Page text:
Robert Tanitch reviews ENO’s The Winter’s Tale at London Coliseum
Ryan Wigglesworth has been thinking of turning The Winter’s Tale into an opera for 20 years. He has written the music and the libretto; and he also conducts. The opera, directed by actor Rory Kinnear, making his directorial debut, is set in modern times and has its powerful moments but it never wholly succeeds.
King Leontes is convinced Hermione, his wife, is having an affair with Polixenes, his best friend, and that he has made her pregnant. He arrests her. Shakespeare’s tortured language (much cut) captures his raging paranoia. Iain Paterson looks, acts and sings like a tyrant.
The scenes in Bohemia are much diminished and the sheer fun and innocence, the rustic merrymaking and the idealisation of the shepherd’s life, are completely missing.
The Bear (famed for his exit), the figure Time and the rogue Autolycus are also no longer there.
When Trevor Nunn directed The Winter Tale in 1969 (with Judi Dench doubling as Hermione and her daughter, Perdita) Bohemia was a retreat for hippies and played like a flower-power scene out of the musical, Hair.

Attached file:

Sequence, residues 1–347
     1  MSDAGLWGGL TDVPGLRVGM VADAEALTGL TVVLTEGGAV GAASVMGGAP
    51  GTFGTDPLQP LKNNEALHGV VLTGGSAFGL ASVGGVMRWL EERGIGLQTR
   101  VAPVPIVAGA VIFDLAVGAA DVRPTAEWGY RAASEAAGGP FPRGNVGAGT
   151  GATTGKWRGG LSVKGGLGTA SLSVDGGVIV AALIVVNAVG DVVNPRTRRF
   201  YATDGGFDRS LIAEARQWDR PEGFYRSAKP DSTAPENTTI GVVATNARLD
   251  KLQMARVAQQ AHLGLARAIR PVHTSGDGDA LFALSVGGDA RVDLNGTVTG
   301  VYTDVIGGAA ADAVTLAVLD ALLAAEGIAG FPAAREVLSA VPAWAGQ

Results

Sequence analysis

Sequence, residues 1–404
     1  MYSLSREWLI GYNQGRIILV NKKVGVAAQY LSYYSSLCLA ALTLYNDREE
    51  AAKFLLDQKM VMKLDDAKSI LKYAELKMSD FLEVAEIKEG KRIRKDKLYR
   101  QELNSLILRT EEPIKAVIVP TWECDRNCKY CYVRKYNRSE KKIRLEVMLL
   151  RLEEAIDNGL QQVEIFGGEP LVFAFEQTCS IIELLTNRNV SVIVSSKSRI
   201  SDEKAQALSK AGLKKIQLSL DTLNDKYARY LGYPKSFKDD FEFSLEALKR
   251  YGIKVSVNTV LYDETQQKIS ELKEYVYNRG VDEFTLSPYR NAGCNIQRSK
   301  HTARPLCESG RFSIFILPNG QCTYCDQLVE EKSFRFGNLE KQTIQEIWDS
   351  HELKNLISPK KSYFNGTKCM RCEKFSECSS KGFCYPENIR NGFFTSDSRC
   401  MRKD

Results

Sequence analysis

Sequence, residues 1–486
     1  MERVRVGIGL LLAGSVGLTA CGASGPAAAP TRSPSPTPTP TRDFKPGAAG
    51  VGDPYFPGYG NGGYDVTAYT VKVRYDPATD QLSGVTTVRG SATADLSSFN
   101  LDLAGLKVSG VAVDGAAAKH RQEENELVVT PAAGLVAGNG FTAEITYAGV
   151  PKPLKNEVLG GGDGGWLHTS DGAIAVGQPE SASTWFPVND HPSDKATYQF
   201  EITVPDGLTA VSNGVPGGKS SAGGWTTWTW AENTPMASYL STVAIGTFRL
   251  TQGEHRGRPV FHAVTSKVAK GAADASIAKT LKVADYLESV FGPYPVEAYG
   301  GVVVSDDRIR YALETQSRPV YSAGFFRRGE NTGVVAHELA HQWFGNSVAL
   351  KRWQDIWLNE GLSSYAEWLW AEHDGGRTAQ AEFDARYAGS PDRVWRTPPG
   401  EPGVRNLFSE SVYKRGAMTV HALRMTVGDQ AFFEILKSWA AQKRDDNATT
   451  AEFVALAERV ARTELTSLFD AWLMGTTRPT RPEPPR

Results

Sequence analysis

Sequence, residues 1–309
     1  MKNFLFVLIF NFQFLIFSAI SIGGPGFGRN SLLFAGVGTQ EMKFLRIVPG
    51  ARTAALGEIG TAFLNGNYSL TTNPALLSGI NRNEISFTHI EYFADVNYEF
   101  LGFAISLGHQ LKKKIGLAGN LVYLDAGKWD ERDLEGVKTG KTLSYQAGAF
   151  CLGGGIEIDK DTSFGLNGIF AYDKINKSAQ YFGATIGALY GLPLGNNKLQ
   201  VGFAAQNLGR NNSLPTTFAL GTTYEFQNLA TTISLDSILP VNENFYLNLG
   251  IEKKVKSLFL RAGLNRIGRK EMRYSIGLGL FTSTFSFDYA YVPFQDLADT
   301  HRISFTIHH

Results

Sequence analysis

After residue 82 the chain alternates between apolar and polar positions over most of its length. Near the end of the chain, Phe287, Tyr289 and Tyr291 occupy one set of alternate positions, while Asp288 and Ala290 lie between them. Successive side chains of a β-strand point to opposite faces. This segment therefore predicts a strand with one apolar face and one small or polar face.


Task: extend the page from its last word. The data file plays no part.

Here Bohemia is just another Fascist state with everybody saluting. When Polixines (Leigh Melrose) discovers his son (Anthony Gregory) is determined to wed a country wench (Samantha Price) he, true to the text, blows his top and behaves exactly like Leontes.
Hermione and Paulina make far less impact in the opera than they do in Shakespeare. Wigglesworth has got rid of Hermione’s great speech to the court and in its place has a mob in the streets rioting against her trial.
Hermione’s statue coming alive in the final act is one of the most famous scenes in all Shakespeare; but it has no magic here because Sophie Bevan doesn’t look like a statue.
Vicki Mortimer’s ingenious circular set, which cracks open dramatically (complementing Apollo’s anger at Leontes’ blasphemy) should surely be able to cope when the action moves back to Sicilia without having to bring down the curtain and bring up the houselights